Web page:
Not long ago, Sterly Wilder ’83 got an email from a current Duke trustee and it got her thinking. “I think about these trustees when they were kids, you know, walking around campus.” She shook her head. “And you know, I knew them when they were students.”
Wilder sat in an office that bears her name, in a building that bears her family’s name, thinking about students she knew and advised decades ago who are now Duke leaders – at a moment when she was retiring from her own leadership at Duke.
Senior associate vice president for alumni engagement and development, Wilder stepped down after this year’s commencement. The daughter of longtime Duke professor of chemistry and university marshal Pelham Wilder III, Wilder grew up on the Duke campus, then attended Duke, then worked at Duke for 40 years. When she announced her retirement in February, she was brought to center court at Cameron Indoor Stadium during a timeout for a roaring ovation.
There are so many stories about Wilder – like the furniture run.
“I was probably a little bit socially awkward,” said Grant Hill ’94, remembering his freshman year at Duke. So Wilder, his first-year adviser, turned out to be very important. They made an instant connection – gossiping, talking, just hanging out. “I oftentimes joke that there wasn’t a whole lot of advising going on,” Hill, an NBA hall-of-famer and current Duke trustee, laughed. “And I say that lovingly and affectionately.”
So when Hill moved off campus his junior year and his parents needed to help him furnish an apartment, they didn’t send their credit card to Hill, who was, after all, still a college kid; they sent it to Wilder, whom they knew well as part of the Parents Committee. Wilder drove Hill to stores all over Durham to equip his new apartment. “She was like, ‘You don’t need this; you need that,” Hill recalled.
That was Sterly Wilder. Adviser – but more. “Member of the family,” Hill said.
Nobody knows Duke family like Wilder. She remembers visiting her father’s office at Old Chemistry and then Gross Hall. “It smelled really bad,” she says. “Like chemicals.” But more than her father’s office, she remembered the students coming to their home. “He was very close to his students.” Family tradition. Duke was in her veins. Wilder gave tours of the campus before she even enrolled. “I was the only tour guide for a couple summers,” she says. Three tours a day – “11, 1 and 3.” She paused, grinned. “It was hot.”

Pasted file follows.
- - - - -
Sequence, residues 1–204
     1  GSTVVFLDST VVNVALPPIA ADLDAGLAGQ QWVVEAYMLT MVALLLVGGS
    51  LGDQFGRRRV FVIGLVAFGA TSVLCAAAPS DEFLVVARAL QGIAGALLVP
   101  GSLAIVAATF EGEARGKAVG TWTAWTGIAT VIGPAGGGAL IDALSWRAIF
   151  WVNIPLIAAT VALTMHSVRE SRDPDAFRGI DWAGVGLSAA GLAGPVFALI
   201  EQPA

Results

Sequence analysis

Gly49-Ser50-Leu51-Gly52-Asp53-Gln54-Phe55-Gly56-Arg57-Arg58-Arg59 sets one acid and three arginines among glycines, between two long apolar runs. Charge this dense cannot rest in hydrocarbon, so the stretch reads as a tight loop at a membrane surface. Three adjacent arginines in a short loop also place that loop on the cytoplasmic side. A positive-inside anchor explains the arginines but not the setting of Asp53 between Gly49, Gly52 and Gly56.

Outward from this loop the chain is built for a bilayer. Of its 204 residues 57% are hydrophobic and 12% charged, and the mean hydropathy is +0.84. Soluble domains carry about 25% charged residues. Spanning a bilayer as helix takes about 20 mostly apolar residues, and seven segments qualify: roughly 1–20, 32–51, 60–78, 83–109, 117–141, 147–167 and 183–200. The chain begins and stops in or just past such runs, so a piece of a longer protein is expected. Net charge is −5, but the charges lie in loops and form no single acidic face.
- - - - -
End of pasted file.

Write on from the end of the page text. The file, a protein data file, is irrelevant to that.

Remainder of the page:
When Wilder started at Duke she went to the Dope Shop in the old West Union and cheered for the basketball team even before Duke hired some young coach with a lot of consonants in his name. He stuck around awhile too, but not as long as Wilder. And though less visible, her contribution has been comparable. Even as an undergraduate, she worked for Duke during the summers. As a graduate she moved first into development and then the annual fund, ending up as executive director of alumni affairs and associate vice president, a position she held for almost two decades. “People meet me, they say, ‘I get a lot of emails from you.’”
Bob Shepard, longtime development and alumni affairs vice president who retired in 2018, recalled being introduced at an alumni event, to the usual smattering of applause. “Then Sterly was introduced and got a thundering standing ovation. People were yelling and screaming and all that.” Shepard said that taught him two things about Wilder: First, alumni love her. Second, “She had this unique ability to work with all kinds of alumni, all identities, all backgrounds, all generations. And it became more than a professional relationship.” Family.
Wilder learned to work a room watching former Duke President Terry Sanford, whom she called a giant. “I watched him make people feel like they were the only person in the room.” She also babysat his granddaughter. She developed affinity programs for Black, Hispanic and Asian alumni, expanded Women’s Weekends in New York and Washington into an annual on-campus highlight, and oversaw the development of the Karsh Alumni and Visitors Center – a four-building quad on West Campus that now includes the Wilder Family office building.
If you have been part of Duke over the last 40 years, you’ve made a connection with Wilder. And if she won’t be easy to replace, that connection will remain. “That wasn’t for a couple of years,” Hill said. “It was really for, you know, a lifetime.”
Wilder won’t be here to advise the next Grant Hill, but she won’t be far off, and she’ll still be a regular on the campus that has always been her home. “I always love when I see [alumni] bringing their kids to Duke, and they tell me I was their tour guide,” she said. “The people are still the people, though I do love the buildings. Sometimes I walk down the quad and I’ll have a flashback to a memory. And it just makes me so happy.”